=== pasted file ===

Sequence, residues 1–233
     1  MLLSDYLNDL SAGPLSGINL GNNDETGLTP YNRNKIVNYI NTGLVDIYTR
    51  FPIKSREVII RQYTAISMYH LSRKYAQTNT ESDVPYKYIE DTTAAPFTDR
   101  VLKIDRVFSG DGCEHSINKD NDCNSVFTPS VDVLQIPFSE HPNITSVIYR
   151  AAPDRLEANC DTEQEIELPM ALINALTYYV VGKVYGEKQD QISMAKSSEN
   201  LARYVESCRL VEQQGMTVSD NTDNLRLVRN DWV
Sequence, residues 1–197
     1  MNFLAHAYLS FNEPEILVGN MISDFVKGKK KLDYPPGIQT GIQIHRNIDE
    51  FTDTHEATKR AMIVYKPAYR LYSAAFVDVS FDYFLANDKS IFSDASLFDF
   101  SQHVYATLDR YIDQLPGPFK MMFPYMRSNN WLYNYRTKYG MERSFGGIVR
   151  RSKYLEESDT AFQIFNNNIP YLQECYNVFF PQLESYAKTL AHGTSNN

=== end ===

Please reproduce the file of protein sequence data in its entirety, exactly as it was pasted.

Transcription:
Sequence, residues 1–233
     1  MLLSDYLNDL SAGPLSGINL GNNDETGLTP YNRNKIVNYI NTGLVDIYTR
    51  FPIKSREVII RQYTAISMYH LSRKYAQTNT ESDVPYKYIE DTTAAPFTDR
   101  VLKIDRVFSG DGCEHSINKD NDCNSVFTPS VDVLQIPFSE HPNITSVIYR
   151  AAPDRLEANC DTEQEIELPM ALINALTYYV VGKVYGEKQD QISMAKSSEN
   201  LARYVESCRL VEQQGMTVSD NTDNLRLVRN DWV
Sequence, residues 1–197
     1  MNFLAHAYLS FNEPEILVGN MISDFVKGKK KLDYPPGIQT GIQIHRNIDE
    51  FTDTHEATKR AMIVYKPAYR LYSAAFVDVS FDYFLANDKS IFSDASLFDF
   101  SQHVYATLDR YIDQLPGPFK MMFPYMRSNN WLYNYRTKYG MERSFGGIVR
   151  RSKYLEESDT AFQIFNNNIP YLQECYNVFF PQLESYAKTL AHGTSNN